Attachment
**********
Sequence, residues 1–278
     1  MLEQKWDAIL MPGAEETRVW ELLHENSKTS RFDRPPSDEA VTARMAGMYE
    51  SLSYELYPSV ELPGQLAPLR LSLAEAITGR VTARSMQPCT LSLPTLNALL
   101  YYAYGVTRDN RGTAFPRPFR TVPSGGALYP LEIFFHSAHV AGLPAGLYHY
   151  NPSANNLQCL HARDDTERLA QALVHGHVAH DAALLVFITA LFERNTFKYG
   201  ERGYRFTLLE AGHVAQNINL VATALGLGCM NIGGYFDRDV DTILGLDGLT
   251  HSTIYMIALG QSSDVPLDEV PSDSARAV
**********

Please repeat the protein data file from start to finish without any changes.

Sequence, residues 1–278
     1  MLEQKWDAIL MPGAEETRVW ELLHENSKTS RFDRPPSDEA VTARMAGMYE
    51  SLSYELYPSV ELPGQLAPLR LSLAEAITGR VTARSMQPCT LSLPTLNALL
   101  YYAYGVTRDN RGTAFPRPFR TVPSGGALYP LEIFFHSAHV AGLPAGLYHY
   151  NPSANNLQCL HARDDTERLA QALVHGHVAH DAALLVFITA LFERNTFKYG
   201  ERGYRFTLLE AGHVAQNINL VATALGLGCM NIGGYFDRDV DTILGLDGLT
   251  HSTIYMIALG QSSDVPLDEV PSDSARAV